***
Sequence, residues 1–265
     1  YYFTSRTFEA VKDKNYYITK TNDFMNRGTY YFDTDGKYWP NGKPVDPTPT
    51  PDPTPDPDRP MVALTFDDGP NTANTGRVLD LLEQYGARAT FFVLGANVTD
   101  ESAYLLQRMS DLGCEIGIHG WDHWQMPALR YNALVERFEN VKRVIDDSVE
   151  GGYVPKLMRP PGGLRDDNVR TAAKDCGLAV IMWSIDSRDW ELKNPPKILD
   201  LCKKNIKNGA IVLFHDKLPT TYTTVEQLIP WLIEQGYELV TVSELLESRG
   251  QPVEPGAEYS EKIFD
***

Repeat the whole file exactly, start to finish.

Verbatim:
Sequence, residues 1–265
     1  YYFTSRTFEA VKDKNYYITK TNDFMNRGTY YFDTDGKYWP NGKPVDPTPT
    51  PDPTPDPDRP MVALTFDDGP NTANTGRVLD LLEQYGARAT FFVLGANVTD
   101  ESAYLLQRMS DLGCEIGIHG WDHWQMPALR YNALVERFEN VKRVIDDSVE
   151  GGYVPKLMRP PGGLRDDNVR TAAKDCGLAV IMWSIDSRDW ELKNPPKILD
   201  LCKKNIKNGA IVLFHDKLPT TYTTVEQLIP WLIEQGYELV TVSELLESRG
   251  QPVEPGAEYS EKIFD